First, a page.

A startup company, largely funded by Mike Lazaridis, co founder of BlackBerry Ltd has developed new hardware Amera that identifies wireless signals from routers, smartphones, cell towers and other wireless devices. Quantum Valley Investments technology fund was created in 2013 by Lazardis and colleague Doug Fregin. The fund has committed $100 million to develop the next generation of applications involved with quantum computers, and one of the first investments made, was in the wireless technology startup Cognitive Systems Corporation.
Amera has been more than 18 months in development, and is now ready for more advance uses that may eventually dramatically change the way in which the wireless spectrum is used. Wireless signals are be proliferating invisibly all around us. Data is being continuously transferred between devices, however, Amera promises that we will now be able to sense these signals and be alerted to unwanted intruders, networks, or devices. In much the same manner, in which light is detected, wireless transmissions are also part of the electromagnetic radiation spectrum and can also be detected, and the intent is to use those signals .
Cognitive, with headquarters near the original Blackberry building in Waterloo, Ont was actually developed by three veterans of BlackBerry. Co-founder Taj Manku, CEO Hugh Hind and Oleksiy Kravets, They excitedly say that Cognitive Systems is now prepared to launch its custom-designed hardware. The Amera will include a proprietary chip, its own cloud-computing system for data processing, and its own software platform for building apps. A development kit, and access to the software can be expected as expansion for use in other industries continues into 2016.
The algorithms that Cognitive has developed enable the visual resolution of radio frequency fields in real time. The field as Manku explains, appears weirdly as a sponges, and as in something out of a futuristic movie, or a Star Trek episode, disturbances in the field, become easy to detect. The idea was to make additional use of RF fields, other than for the transfer of signals. The concept is to build a platform to be used for processing other industry-dependent applications. The motion detection capability can be used in the home,where parents can readily tell who is at home without the need for camera feeds, reducing the notion of privacy invasion while being less intrusive.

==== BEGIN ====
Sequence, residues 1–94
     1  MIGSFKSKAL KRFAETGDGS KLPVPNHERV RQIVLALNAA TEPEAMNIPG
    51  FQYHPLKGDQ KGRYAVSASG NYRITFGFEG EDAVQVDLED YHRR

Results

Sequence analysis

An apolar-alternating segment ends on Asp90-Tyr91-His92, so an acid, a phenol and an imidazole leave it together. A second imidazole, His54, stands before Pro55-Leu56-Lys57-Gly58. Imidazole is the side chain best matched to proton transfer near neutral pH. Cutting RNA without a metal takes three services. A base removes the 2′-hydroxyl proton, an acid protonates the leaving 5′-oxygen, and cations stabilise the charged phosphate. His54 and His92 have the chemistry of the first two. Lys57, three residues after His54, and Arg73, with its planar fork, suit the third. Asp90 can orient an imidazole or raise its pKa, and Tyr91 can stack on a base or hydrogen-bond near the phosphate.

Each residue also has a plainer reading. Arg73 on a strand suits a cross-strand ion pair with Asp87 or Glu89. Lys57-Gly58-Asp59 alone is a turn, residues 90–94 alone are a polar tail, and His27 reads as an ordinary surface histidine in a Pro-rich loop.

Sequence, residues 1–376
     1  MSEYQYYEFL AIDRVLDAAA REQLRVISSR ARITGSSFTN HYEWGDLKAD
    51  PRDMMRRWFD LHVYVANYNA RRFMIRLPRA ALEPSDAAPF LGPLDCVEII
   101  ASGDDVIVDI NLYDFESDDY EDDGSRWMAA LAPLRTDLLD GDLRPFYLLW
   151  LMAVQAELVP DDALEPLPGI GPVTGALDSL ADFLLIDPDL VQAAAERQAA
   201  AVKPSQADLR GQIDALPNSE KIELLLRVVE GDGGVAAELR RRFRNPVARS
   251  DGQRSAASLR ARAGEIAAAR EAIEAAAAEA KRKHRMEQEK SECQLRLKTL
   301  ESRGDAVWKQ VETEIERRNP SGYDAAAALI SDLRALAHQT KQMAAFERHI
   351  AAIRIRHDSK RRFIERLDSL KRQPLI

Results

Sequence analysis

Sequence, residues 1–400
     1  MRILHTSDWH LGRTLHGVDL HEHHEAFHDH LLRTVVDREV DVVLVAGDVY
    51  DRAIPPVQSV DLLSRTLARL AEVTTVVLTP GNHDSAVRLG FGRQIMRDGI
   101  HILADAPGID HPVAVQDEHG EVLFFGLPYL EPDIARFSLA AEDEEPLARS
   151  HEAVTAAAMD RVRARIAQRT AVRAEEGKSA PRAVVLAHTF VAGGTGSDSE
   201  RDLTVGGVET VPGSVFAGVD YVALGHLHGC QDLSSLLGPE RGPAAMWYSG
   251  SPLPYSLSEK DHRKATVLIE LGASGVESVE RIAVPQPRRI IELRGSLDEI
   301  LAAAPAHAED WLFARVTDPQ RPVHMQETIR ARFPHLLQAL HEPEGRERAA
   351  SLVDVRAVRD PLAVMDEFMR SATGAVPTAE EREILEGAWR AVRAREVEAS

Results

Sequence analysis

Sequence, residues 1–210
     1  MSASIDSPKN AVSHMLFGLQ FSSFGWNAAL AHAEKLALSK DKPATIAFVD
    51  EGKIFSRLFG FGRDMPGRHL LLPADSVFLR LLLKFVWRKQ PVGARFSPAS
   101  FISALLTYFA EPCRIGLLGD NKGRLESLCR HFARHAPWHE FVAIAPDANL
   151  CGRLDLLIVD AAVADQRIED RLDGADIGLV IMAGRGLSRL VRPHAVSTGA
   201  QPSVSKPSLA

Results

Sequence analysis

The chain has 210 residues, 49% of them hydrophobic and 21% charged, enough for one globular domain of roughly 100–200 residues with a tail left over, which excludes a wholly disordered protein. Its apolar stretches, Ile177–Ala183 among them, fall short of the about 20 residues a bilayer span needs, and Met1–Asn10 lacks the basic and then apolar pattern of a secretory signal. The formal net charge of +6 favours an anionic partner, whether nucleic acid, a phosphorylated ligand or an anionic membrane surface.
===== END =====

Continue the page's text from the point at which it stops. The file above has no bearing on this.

The Cognitive Systems chip called R10, contains dual multi-vector processors, four wireless receivers, five powerful custom CPU cores, and is designed to be a cost-effective method of processing multiple applications. It can handle different wireless standards on various frequencies. Only one hub is normally need in each home and is connected in much the same manner as other wireless routers. The current focus is on motion detection and security for both enterprise and residences, but Amera is readily scalable to handle other applications. The platform should be available in the first half of 2016, while Cognitive is already in talks with several security firms.
The wireless technology cloud processing platform, euphemistically called Myst is envisaged as being used to power intelligent or connected environments, such as finding lost children who are not connected for detection with other wireless technologies such as GPS. With 50 employees, Cognitive claims a competitive edge, by designing their own chips, and applications such as the X10, can be cost effectively designed to track the flow of people in the region of a connected city. Other applications include network analysis to determine workflow, and pinpoint any weak or strong points of the network.